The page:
I need someone to do my English homework for me. Just 8 questions to answer from the book.

Humanities

english 120

Grossmont-Cuyamaca Community College District

Question Description

So it's 8 questions from 3 different chapters. The first 3 questions are from chapter 1. The next 3 questions are from chapter 4. The last 2 questions are from chapter 5. I uploaded the questions and the book. I need you to do it for me just because I don't have the time to do it. Thank you!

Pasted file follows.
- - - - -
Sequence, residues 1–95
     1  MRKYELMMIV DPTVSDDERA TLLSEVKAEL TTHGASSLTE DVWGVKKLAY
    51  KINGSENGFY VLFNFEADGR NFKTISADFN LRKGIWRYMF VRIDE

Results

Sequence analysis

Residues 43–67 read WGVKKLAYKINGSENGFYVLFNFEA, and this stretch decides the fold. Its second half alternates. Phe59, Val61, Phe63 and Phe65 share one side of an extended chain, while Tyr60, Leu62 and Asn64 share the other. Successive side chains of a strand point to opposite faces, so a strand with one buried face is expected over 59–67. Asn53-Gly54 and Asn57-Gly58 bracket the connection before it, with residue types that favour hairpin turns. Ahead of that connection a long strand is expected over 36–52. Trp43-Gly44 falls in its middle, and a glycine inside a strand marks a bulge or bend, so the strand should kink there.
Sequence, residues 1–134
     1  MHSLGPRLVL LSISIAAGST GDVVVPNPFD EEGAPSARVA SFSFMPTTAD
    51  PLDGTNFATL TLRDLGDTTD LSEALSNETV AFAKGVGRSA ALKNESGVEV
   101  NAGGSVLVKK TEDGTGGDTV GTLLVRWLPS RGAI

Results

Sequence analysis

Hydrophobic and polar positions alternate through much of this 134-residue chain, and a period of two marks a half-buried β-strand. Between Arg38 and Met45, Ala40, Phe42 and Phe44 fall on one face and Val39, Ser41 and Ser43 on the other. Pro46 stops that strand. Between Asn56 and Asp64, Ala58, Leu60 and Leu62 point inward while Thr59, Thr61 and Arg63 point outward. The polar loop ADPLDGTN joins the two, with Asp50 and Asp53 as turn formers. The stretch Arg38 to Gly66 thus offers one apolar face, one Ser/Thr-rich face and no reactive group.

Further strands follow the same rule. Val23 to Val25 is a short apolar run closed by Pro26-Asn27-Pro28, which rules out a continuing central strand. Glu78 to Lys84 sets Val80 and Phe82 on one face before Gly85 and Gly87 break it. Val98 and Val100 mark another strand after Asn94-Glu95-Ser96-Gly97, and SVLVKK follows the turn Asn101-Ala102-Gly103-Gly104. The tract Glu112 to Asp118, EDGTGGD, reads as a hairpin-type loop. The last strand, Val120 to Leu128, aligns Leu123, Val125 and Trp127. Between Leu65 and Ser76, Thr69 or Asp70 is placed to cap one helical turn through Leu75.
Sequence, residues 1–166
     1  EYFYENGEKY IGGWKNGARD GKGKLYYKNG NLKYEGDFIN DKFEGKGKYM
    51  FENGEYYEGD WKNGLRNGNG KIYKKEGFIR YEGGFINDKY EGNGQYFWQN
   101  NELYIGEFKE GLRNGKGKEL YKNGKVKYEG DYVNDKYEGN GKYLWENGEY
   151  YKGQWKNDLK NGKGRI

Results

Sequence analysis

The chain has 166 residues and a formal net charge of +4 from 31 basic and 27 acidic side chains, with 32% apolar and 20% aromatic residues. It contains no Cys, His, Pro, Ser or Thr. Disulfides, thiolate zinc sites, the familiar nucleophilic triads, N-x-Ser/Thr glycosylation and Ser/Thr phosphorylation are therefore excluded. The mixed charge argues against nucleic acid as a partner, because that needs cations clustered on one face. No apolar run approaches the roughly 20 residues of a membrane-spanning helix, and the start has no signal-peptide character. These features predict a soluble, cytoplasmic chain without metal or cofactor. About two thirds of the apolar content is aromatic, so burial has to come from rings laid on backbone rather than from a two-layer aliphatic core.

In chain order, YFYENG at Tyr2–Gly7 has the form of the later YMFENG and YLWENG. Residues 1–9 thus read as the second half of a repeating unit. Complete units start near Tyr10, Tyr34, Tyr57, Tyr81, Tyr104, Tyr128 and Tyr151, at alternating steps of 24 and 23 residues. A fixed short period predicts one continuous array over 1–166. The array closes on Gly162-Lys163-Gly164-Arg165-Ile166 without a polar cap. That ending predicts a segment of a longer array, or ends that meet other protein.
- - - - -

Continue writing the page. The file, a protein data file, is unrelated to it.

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Always Running Chapter 1 1. “Cry child, for those without tears have a grief which never ends.” What does this Mexican proverb mean? How might it relate to the book based on what you’ve read so far? Consider the way in which tears and crying serve as a recurring motif throughout the chapter (i.e. the fact that Rano never cries and the legend of la Llorona). 2. Based on Luis’ own family, what can you determine about the dynamics of the traditional Mexican family unit and the roles assigned to its individual members? Consider gender roles, for instance and how these play into the lives of the individual family members. 3. How might the Rodriguez family’s experience in the United States serve as an indictment of the American Dream and popular notions of a great ethnic “melting pot”? Chapter 4 4. How is Mark Keppel High School a microcosm of American society? In other words, how does the social structure of the school reflect American society? 5. Luis points to the socio-economic similarities and parallels between MexicanAmericans and African-Americans in Los Angeles. What are some of these? 6. Discuss the irony behind the fact that the “Anglos” in the book are so eager to celebrate the “Fiesta Days” event commemorating the San Gabriel areas’ SpanishMexican heritage. Describe the difference between how the whites celebrated these days as opposed to the Mexicans. Chapter 5 7. On page 113, Luis declares that by 1970, he “felt disjointed” and “out of balance,” tired of “just acting and reacting.” He then goes on to state that he wanted to “flirt with depth of mind,” learn more about his “world” and “society” and particularly “about what to do.” What does Luis mean by all of this? What does he mean by feeling “disjointed” and “out of balance"? What does he mean by “flirt[ing] with depth of mind” and learning “about what to do”? 8. Interpret the following quote from page 113: “I had certain yearnings at the time, which a lot of us had, to acquire authority in our own lives in the face of police, joblessness and powerlessness.” What yearnings do Luis and the other youth have exactly? What type of “authority” is he talking about? What about the “powerlessness”? How do these feelings lead into gang life? "****** DEMO - www.ebook-converter.com*******" "****** DEMO - www.ebook-converter.com*******" "****** DEMO - www.ebook-converter.com*******" "****** DEMO - www.ebook-converter.com*******" Always Running La Vida Loca: Gang Days in L.A. Luis J. Rodríguez "****** DEMO - www.ebook-converter.com*******" This work is dedicated to: Antonio Gutierrez Carlos Mancillas Eddie Lozano Linda Treviño John “Spook” Fabela Marlene “Negra” Domínguez Don “Sonny” López Miguel Robles Elías Avila Richard “Porky” Sierra Lenard “Gallo” Ocaña Fernando “Caballo” Arredondo Martin Alvarado Fidel “Puppet” Hernandez Marcelino “Daddio” Cabrera David “Puppet” Alcon Freddie Mendoza David “Loco” Domínguez Ricky Herrera René Molinar Al “Pache” Alvarez Leonard “Lalo” Villaseñor "****** DEMO - www.ebook-converter.com*******" Ruben “Sharkie” Martínez Daniel “Indio” Cabrera and Rodolfo “Sonny” Gómez My life is a poem to their memory. —Luis J. Rodríguez "****** DEMO - www.ebook-converter.com*******" Contents The Long Run: New Introduction to Always Running Preface to 1993 Edition Chapter One Chapter Two Chapter Three Chapter Four Chapter Five Chapter Six Chapter Seven Chapter Eight Chapter Nine Chapter Ten Epilogue A Biography of Luis J. Rodríguez Glossary "****** DEMO - www.ebook-converter.com*******" The Long Run: New Introduction to Always Running “My task is to make you hear, to make you feel, and, above all, to make you see. That is all, and it is everything.” —Joseph Conrad WHAT’S HAPPENED IN THE more than ten years since Always Running first hit the bookstands? My son Ramiro, for whom I wrote the book, is serving a 28-year prison sentence for three counts of attempted murder. More of my homies from 30 years ago have died, including Rene Muñoz-Ledo, who wrote a familyproduced book, “Forgiven,” about overcoming his gang and drug experiences before succumbing to cancer in 2004. The Chicago youth I started to work with right after the book’s publication through Youth Struggling for Survival (YSS) continue to organize and thrive, although a few have been killed or imprisoned. Good and bad things have occurred. But the good—young people changing their lives, the growth of organized urban peace "****** DEMO - www.ebook-converter.com*******" efforts, the expansion of spiritual-based practices and the intensifying debate on how to address violence in this country— have far outweighed the bad. I have gone to hundreds of public and private schools to speak. In Boston’s Hyde Park, the mostly African American students there created a ballet and a rap song based on the book. In East Lansing’s Eastern High where black and Mexican youth had been warring, Always Running became the one thing they could unite on (a student there painted a mural in the school library with scenes from the book). In East L.A.’s Garfield High, Chicano students established an after-school study circle to become intellectually engaged and politically active based on what they learned from the book. I’ve visited numerous prisons, juvenile detention centers, sober-living homes and rehabilitation centers. I’ve read my poems in the Maximum Security Yard at San Quentin Prison as prisoners talked, worked out with weights, played chess and jogged (oh, and quite a few stopped to listen). In one California prison, I saw a homeboy I had not seen in 30 years—all that time he’d been in prison. He told me, “Whatever you do, help the kids.” I’ve met court judges who made reading my book part of offenders’ sentences. I’ve addressed thousands of teachers, law enforcement "****** DEMO - www.ebook-converter.com*******" personnel, social workers, community organizers, journalists, government officials, graduate students, writers and others in countless conferences, workshops, peace summits and forums. I’ve appeared on major media programs such as The Oprah Winfrey Show, Good Morning America, CNN’s Talk Live, The News Hour with Jim Lehrer, and other shows on BBC-London, C-SPAN, National Public Radio, Discovery’s Health Network, Pacifica Radio, PBS-TV, Spanish-language TV and radio networks and more. My work has taken me to Toronto, Montreal, Paris, London, Rome, Milan, Berlin, Hamburg, Frankfort, Cologne, Munich, Heidelberg, southern Germany, Amsterdam, Groningen, Salzburg, Mexico City, Chihuahua, El Salvador, Guatemala, Honduras, Nicaragua and Puerto Rico. For more than a decade, I’ve taken part in purification ceremonies in Native American and Native Mexican “sweat” lodges (called inipis or temescallis) with gang and other troubled youth as well as recovering adults; with longtime spiritual friends Luis Ruan, Frank Blázquez, and my wife, Trini; and with elder medicine men like Anthony Lee of the Navajo Reservation. This work is about the “long run,” not just for today, for any possible accolades or to meet funding deadlines—but for the adequate and full protection, health and balance, as Native elders "****** DEMO - www.ebook-converter.com*******" say, of our young people seven generations from now. In spite of this, Always Running has become a lightning rod for certain right-wing groups who are trying to stop its use in schools because of the book’s politics and graphic nature. According to the American Library Association, it is one of the 100 most censored books in the United States. In Rockford, Illinois, I debated a prominent school board member lobbying to ban the book to an overflow audience of mostly book supporters. In San Jose, California, I wrote an opinion piece to counter the efforts there to remove the book from approved reading lists. In Chicago, I addressed leaders of a group of 200 students who had walked out of their school to protest the removal of the book from the school library. One strange incident occurred in Kalamazoo, Michigan. I was speaking at various schools and community events in the area. At one point, I tried to enter a school with Always Running in hand. School officials stopped me at the entrance saying I could come in, but my book could not—it had been banned in that school. As I see it, the battle lines are between the idealized, superficial and insular-minded way of looking at the world (which many schools and mainstream culture impose on our children and the rest of us), and the actual conditions of our lives with all its "****** DEMO - www.ebook-converter.com*******" multiplicity, struggle, shading and nuance. Most children recognize the hypocrisy of emphasizing a linear, clean and desexed past while they confront daily the muddy, uncertain and hybrid truths. Sexuality, for example, is a natural part of human development. Books don’t cause teenagers to become sexual— hormones do. Instead of providing understanding and badly needed guidance to teenagers when the hormones kick in, too often they are told “sex is wrong,” that it shouldn’t be addressed until they mature (instead of preparing them so they do mature), and that there’s only one way of looking at sex and other disturbing topics like race, class and power (mostly by denying their existence). The truth is much more complex. There is too much censorship of reality in the classroom. Whatever involves social discomfort, emotional depth or hard thinking is cut out. Language, behavior, ideas, ways of expression and authentic imaginations—as well as books—have been censored. Everything is directed toward “normalcy,” the folding into the fast-paced, material- and status-oriented capitalist value system. As a result, much of the expanse and variety of the human condition is belittled or invalidated. Our humanity is sacrificed, little by little. Despite this, Always Running continues to be requested and "****** DEMO - www.ebook-converter.com*******" used. I’ve been told countless times that this is one of the few books nonreaders love to read. And that it is often the most stolen book in libraries and classrooms. I don’t condone this, although it usually happens in places where there are no bookstores or decent library facilities. Yes, Always Running is hard-core. Yes, it’s graphic. It’s meant to be this way. You can’t tell this true story about real gang life without the graphic details. Many kids who love the book have also lived through similar experiences. Too many adults are naive or close-minded about what their children are going through. The thing is, Always Running was a book that had to be written. It’s the first major account of the Chicano barrio gang experience from an actual participant (unlike the many sociological studies by social scientists). After more than 80 years of L.A. barrio warfare, thousands killed, several generations of gang families, parents who lost two or three sons, this story had to be told. I can’t claim Always Running is representative of the vastly multifaceted Chicano gang life. I can only take responsibility for the truths I felt compelled to reveal, with the necessary changes in facts and names to protect the innocent and the guilty. Like any good story, there are deep lessons, most of which I "****** DEMO - www.ebook-converter.com*******" learned “the hard way.” My life on the streets involved stealing, shootings, stabbings, arrests, homelessness, drug use and overdoses. I’ve been beaten and shot at—although never hit—and I’ve beaten, stabbed and shot at others. I felt too far gone to be redeemed, to be any good to anyone or anything. I didn’t have plans for a future, for a career, or the dreams to take me there. You’ll find all this and more in Always Running. At the same time, you’ll also discover the transcendent account of a poet/artist who, with the help of a small, socially engaged core of community leaders and teachers, overcame his own deeply held pathologies to take on the great challenges of an oppressive and exploitative reality—and finding his own particular destiny with words, dedicated himself to making positive contributions in transforming that reality. I went from victim to perpetrator to witness to revolutionary. More than 30 years later, I continue to do the vital work of helping create a healthy earth and a healthy society worthy of our gifts, our needs and our dreams (which is the ultimate struggle, the one fight really worth fighting). I have a duty to take those lessons and experiences to as many people as will listen, to expand the conversation about why people join gangs, are violent, lose their imaginations and their hopes, and what we can do as creative and caring communities to "****** DEMO - www.ebook-converter.com*******" truly see and address these ongoing and deepening concerns. Censorship, repression and suppression simply don’t work. All-out creativity; poetic expression; access to life-giving resources; truly meaningful and respectful relationships; purposeful and life-affirming schooling and work (jobs and more jobs); decent health care; drug and psychiatric treatment as needed; and truly rehabilitative and initiatory practices are a few of the things that do work. But the political will and narrowing economic resources, as well as the cultural values of our present time, have not fostered the growth or taken up the responsibility of healing a nation. Prisons and war seem to be the only way out for most poor and abandoned communities. We have the technological means, we have the people, we have the ideas—we don’t have the proper social organization. No one can stand gangs. Everyone wants to get rid of them. But the solid and necessary work that will actually delve into the social, political, psychological, economic and spiritual basis for gangs, drug addictions, as well as domestic and street violence is not being done. To paraphrase Henry David Thoreau, thousands are hacking at the branches of the problem; few are working at the root. "****** DEMO - www.ebook-converter.com*******" While it’s true many organizations, churches, unions, neighborhood councils, native sweat lodge circles, community centers, arts programs, poetry circles, hip-hop organizations and mentoring groups continue to transform lives among the most hard-core gang youth, there are still tens of thousands more young people, most not even in gangs, who are being abandoned, pushed aside, condemned to prison, drug addictions or early deaths. Ramiro is one of the statistics, although he’s not a number to me—he’s my son. I have discussed extensively in writing, in the media, and in front of countless audiences my particular contribution to Ramiro’s breakdown and eventual imprisonment. Essentially, I neglected Ramiro and my daughter, Andrea, after their mom and I broke up. Years later, when they came to live with me in Chicago, they were resentful pissed-off teenagers. As one can imagine, I had a hard time trying to be the father figure they desperately needed. Even still, there are those who have made Ramiro’s ordeal a focal point to attack me and my book. How can I claim my book has changed lives when my own son is incarcerated? Doesn’t this prove these kids aren’t worthy of help? My answer would be an emphatic no. As Ramiro’s father, I had no choice but to step up to the plate, to become the father I should’ve been when they were younger. But I was also in the "****** DEMO - www.ebook-converter.com*******" process of healing. After many failed tries, I finally took part in a recovery program and became sober after seven years of drug use and twenty years of drinking, a sobriety I have maintained for a dozen years since mid-1993. Now I had no excuses. I could focus on my son’s ordeals. I could be a better husband, friend, father and leader. Always Running contributed immensely to my personal healing. Writing about my violent gang life, the drug addictions, the rages and fears, proved to be risky and extremely difficult, but deeply cathartic. Eventually, I reconciled with Ramiro, now 30, even while he was imprisoned in various Illinois Department of Corrections facilities. I couldn’t bail him out of the trouble he was in, but I wouldn’t abandon him either. I’ve promised to stand by him and provide whatever assistance he needs to become strong and wise from this prison experience. He promised he would do well so he could get out in 14 years with good time—he wants to be a father to his three children and an active participant in the communities of imagination and hope we’ve been working toward. At great risk, he left the gang life. He’s also been a teacher’s aide, helping other prisoners. Recently, Ramiro wrote: “When Always Running was first written, it opened my eyes to some of the things you have "****** DEMO - www.ebook-converter.com*******" experienced, and some of the changes you have made in your life … [T]hings would have been a lot worse for me if you did not try to make an effort to help me escape from some of the craziness. … I am grateful for you always being there for me. Even when we did not get along and our relationship was estranged, you still stayed a presence in my life. We accomplished a lot together, and one of those accomplishments was YSS … it helped us to stay connected. [Ironically] my coming to prison is what helped us to become closer. We finally have a true father and son relationship. That should be a new message for fathers from your book: Don’t wait until your son goes to prison to finally get to know him.” I’ve learned a lot from Ramiro—it wasn’t always me who did the teaching. I’ve come a long way since Always Running first saw the light of day. But this journey would not have been possible without the immense patience, love and support of my wonderful family: my wife Trini; our two sons, Rubén, 17, and Luis, 11; my 28-year-old daughter, Andrea; and my grandchildren—Ricardo, Anastasia, Amanda Mae and Catalina. Also I have to recognize my mother, Maria Estela: Despite years of not talking to each other, and a battle with cancer that she’s overcome, we’re now very close (my father, Alfonso, died "****** DEMO - www.ebook-converter.com*******" in 1992 before Always Running came out). And my brothers and sisters, nephews and nieces, and countless uncles, aunts and cousins (a few of them had problems when my book was first published but, in time, became my biggest fans). I also have to thank Alexander Taylor, Judith Doyle and the board and staff at Curbstone Press of Willimantic, Connecticut, who first published Always Running and continue to support my work—as well as the publishers and editors of Touchstone Books/Simon & Schuster, who have kept the paperback version of Always Running in print (more than 20 printings as of this writing). And I thank all the teachers, librarians, parents, students, law enforcement officers, judges, booksellers, writers, rehab counselors and community activists who have ensured my books remain on the shelves, in the hands of young people, and have also helped in fighting the censorship attempts, allowing new generations to enjoy and learn from this story. I was not a good father or a good son, but I learned. I was not a good poet, but I never stopped writing. I couldn’t put two words together when I spoke, but now no one can shut me up. I had a hard time dealing with my addictions, my rages, but somehow, some way, I overcame them. The fact is I failed at everything I tried to do, but I kept "****** DEMO - www.ebook-converter.com*******" working at it, failing some more, not giving up, so that eventually, at age 51, I’ve begun to center my l ...